Elizabeth O'Byrne is getting her gardening done but it isn't easy. For the past 18 years she's suffered from rheumatoid arthritis.
"Rheumatoid arthritis is a chronic inflammatory disease and we believe that the systemic inflammation takes a toll on the heart and arteries,” says Dr. John Davis of Mayo Clinic College of Medicine.
Although the exact connection is not known, doctors suspect one link may be that the protein that causes inflammation in the joints may also cause inflammation in the arteries.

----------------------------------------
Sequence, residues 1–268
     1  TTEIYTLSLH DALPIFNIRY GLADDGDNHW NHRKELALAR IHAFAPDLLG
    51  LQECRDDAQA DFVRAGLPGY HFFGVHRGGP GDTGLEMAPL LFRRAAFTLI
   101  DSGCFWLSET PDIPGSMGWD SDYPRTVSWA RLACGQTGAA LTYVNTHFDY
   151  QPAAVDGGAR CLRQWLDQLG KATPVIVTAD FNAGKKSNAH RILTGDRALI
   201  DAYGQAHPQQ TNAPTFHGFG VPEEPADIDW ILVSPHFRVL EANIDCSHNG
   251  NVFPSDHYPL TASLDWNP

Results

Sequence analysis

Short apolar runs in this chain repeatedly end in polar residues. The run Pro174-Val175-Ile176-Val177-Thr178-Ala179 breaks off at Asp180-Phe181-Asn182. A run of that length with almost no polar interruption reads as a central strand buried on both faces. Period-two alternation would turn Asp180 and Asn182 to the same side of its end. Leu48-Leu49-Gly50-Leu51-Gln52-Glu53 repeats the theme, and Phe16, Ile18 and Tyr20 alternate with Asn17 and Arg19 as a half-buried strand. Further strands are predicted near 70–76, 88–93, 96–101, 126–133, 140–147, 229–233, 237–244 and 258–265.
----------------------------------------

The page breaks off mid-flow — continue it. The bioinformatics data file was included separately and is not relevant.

Another may be certain steroids patients take may cause hardening of the arteries or diabetes.
"Initiating blood pressure control, lifestyle modification, certainly smoking cessation is very important, control of cholesterol, and another intervention is to minimize the risk of having an actual cardiovascular event such as a heart attack or stroke."
When O'Byrne learned she had warning signs of heart disease, she started exercising and becoming more active.
"I'm starting to eat more fruit and vegetables, you know, so I am trying to make lifestyle changes."